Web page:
• PutSimply

Crush Your Graduate Scheme Assessment Day (2021)

Stand tall and congratulate yourself - you've made it! If you have recently graduated, you're likely at something of a crossroads. It's a good time to take an inventory of yourself and ask "what do I do now?". Graduate programs in 2021 may have changed a little from previous years, but the recipe for crushing your interview/assessment process remains the same.

2021 Graduate holding a degree traveling home from graduation ceremony

Let's assume you've been through the whole process of selecting where you want to do your grad scheme. You sent your CV and as if the stars were aligned, they choose you for an assessment day and/or interview.

You begin to frantically ask yourself whether you're ready and begin googling everything about the workplace.

Irreversibly, your mind enters the headspace of preparation and stress begins to develop.

But In the intro, I mentioned there being something of a recipe for being accepted, and this is true, though there are other important factors.

One of them is that you are genuine. This is the one thing that you can't really 'fake' or 'generate' on the day, you need to be actually interested in the idea of working for this company.

Equally, you may show up on the day (online or otherwise) and immediately get a feeling of repulsion - this is actually a good thing and it's your intuition telling you that you should at least consider other opportunities elsewhere.

You can actually draw a similarity between the assessment day and your exams - preparation is everything, it really matters.

I invite you to go on something of a data mining expedition and be as technically prepared for any questions as you are emotionally prepared for the experience of the day.

This might sound intimidating at first, but fear not, we're about to go into the depth of the how to's and don't do's.

The Technical Questions

Here's a surprising revelation for you - the technical questions are the least important factor of your interview or assessment day.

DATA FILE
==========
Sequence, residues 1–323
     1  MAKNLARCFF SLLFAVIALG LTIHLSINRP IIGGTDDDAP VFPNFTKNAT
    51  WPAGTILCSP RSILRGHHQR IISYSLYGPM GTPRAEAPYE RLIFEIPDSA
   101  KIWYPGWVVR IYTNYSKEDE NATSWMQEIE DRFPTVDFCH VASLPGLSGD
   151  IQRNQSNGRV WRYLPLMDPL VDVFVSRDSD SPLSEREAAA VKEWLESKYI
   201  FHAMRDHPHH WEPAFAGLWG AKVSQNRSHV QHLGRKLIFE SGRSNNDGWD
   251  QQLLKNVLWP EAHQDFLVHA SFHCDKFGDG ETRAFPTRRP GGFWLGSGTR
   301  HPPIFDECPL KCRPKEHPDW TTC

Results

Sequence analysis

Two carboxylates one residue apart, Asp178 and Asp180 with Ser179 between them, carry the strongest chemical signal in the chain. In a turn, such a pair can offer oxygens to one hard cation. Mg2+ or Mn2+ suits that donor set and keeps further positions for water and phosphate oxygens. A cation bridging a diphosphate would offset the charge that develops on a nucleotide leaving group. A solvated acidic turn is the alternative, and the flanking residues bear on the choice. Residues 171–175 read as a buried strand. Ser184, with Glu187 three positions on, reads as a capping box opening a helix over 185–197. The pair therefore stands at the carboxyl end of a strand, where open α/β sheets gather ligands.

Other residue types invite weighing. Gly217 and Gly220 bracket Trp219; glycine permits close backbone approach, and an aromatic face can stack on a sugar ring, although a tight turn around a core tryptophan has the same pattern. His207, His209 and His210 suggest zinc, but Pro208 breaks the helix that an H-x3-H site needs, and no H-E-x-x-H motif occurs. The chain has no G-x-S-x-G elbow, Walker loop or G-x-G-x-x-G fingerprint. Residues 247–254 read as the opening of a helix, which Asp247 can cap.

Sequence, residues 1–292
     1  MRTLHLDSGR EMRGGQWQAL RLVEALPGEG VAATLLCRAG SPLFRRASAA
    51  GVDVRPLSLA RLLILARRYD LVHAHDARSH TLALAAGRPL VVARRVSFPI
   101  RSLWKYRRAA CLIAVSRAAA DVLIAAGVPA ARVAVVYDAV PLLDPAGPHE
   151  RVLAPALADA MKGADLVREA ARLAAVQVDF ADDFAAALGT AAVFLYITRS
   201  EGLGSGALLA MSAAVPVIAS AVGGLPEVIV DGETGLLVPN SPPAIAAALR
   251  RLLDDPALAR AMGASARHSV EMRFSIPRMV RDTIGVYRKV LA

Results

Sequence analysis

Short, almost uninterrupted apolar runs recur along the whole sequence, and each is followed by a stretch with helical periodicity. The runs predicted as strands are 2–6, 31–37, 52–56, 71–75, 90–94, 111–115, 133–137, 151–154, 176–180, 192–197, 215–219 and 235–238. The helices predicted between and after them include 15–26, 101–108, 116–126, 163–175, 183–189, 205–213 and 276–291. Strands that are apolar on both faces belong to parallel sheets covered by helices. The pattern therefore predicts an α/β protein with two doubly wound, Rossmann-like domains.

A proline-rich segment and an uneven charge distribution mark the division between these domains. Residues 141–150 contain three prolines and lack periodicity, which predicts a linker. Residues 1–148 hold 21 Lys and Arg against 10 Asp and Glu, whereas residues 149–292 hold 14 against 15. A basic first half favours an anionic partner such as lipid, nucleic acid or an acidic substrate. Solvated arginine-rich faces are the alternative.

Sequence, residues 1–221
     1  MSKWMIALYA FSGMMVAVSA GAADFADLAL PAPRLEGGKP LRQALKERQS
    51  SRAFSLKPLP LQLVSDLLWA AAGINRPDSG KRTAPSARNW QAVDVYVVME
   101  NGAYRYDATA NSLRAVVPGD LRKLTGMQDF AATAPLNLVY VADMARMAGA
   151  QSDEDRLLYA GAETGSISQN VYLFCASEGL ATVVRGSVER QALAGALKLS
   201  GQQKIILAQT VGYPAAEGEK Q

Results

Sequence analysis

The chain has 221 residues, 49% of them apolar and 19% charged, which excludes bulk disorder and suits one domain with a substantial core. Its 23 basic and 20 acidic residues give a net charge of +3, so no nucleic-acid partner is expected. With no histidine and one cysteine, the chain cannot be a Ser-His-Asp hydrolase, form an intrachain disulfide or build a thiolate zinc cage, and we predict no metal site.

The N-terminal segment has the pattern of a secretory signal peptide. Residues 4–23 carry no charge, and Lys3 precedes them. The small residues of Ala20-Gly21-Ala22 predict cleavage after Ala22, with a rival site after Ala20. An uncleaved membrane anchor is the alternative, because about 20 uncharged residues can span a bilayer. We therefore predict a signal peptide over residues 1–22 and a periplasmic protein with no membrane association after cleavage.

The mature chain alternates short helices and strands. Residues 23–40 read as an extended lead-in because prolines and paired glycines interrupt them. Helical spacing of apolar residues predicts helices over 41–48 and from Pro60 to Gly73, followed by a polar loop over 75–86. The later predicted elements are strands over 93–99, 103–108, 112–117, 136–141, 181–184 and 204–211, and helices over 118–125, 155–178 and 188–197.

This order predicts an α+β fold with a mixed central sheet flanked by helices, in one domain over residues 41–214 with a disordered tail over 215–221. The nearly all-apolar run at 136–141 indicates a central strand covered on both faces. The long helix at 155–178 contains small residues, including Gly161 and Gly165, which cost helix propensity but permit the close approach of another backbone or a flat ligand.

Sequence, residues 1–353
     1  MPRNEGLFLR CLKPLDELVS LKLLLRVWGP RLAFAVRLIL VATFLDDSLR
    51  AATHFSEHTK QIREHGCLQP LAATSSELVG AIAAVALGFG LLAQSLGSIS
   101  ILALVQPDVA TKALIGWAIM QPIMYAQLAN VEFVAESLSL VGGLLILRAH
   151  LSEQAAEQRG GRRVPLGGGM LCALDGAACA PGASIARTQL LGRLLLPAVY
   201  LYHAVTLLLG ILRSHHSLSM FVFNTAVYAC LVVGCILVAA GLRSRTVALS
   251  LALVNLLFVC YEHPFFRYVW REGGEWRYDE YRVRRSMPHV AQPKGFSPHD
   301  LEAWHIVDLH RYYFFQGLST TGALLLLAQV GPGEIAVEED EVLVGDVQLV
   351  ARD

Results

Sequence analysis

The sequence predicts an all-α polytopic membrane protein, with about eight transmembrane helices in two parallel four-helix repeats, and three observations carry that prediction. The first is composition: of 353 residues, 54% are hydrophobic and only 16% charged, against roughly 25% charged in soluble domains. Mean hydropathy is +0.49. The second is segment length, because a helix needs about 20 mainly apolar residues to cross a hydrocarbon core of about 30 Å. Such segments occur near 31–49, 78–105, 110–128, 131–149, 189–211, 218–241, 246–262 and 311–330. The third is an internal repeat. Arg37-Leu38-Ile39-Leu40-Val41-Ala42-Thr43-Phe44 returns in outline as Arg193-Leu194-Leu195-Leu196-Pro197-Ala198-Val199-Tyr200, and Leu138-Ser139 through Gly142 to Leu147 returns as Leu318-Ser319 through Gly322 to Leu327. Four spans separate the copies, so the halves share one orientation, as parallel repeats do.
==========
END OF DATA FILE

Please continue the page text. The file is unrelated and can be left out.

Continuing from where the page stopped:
This sounds silly, right? But if we think about it, it's understandable why.

Technical questions are those quick-fire round of:

  • "Name types of..."

  • "How does 'this' work"

  • "Explain the concept of...

  • "Give examples of..."

  • If you're really unlucky "derive this..."

These questions are, of course, there to test your knowledge, but do you notice how the answer to these questions could be easily learned afterwards?

This is why they hold less significance...but then why do they exist?

They exist to act as something known as a contrasting factor, it's a generic technique by the HR departments to differentiate two or more candidates that are neck and neck for the position.

It's a really quick and easy way to say "these candidates are close, but person A did perform better on the technical questions, yadda-yadda"

Though I should stress, they do this near the end of determining who is most appropriate. The most important factors actually exist in how you answer questions and how you socially interact on the day (also known as your emotional intelligence)

Emotional intelligence is the other side of the coin to Intellectual intelligence. HR recruitment blueprints always factor them both in.

It's common there is someone who is intellectually brilliant on the day and they answer the questions well, but they stay in their shell and don't really interact...

These people will be ruled out very quickly. The hybrid model of employee is usually the best for most recruiters.

So there's our first acknowledgement - if you balls up the technical questions and travel home or log off feeling totally dejected, it's REALLY not as bad as you think, honest!

How to Answer Technical Questions

I've just taken a shot at the importance of technical questions, but I want you to do well in them because answering them in specific ways can play into the hands of some other criteria that you need to tick.

Of course, the best scenario is that you answer them well and actually know the answer.

That said, there will be times when you don't know the answer - all isn't lost here, it's actually an opportunity to show the assessor another aspect of your experience.

Because knowing information is one thing, but having a mind that is able to deduce and travel down a rabbit hole in the logical pursuit of an answer is absolute gold to an employer.

What you're demonstrating is deductive reasoning, and it's a really attractive quality to any workplace.

It's you telling them that if something goes wrong, you will chase the solution - again, gold dust!

An interview between a man and a woman in a corporate building dressed formally in an assessment centre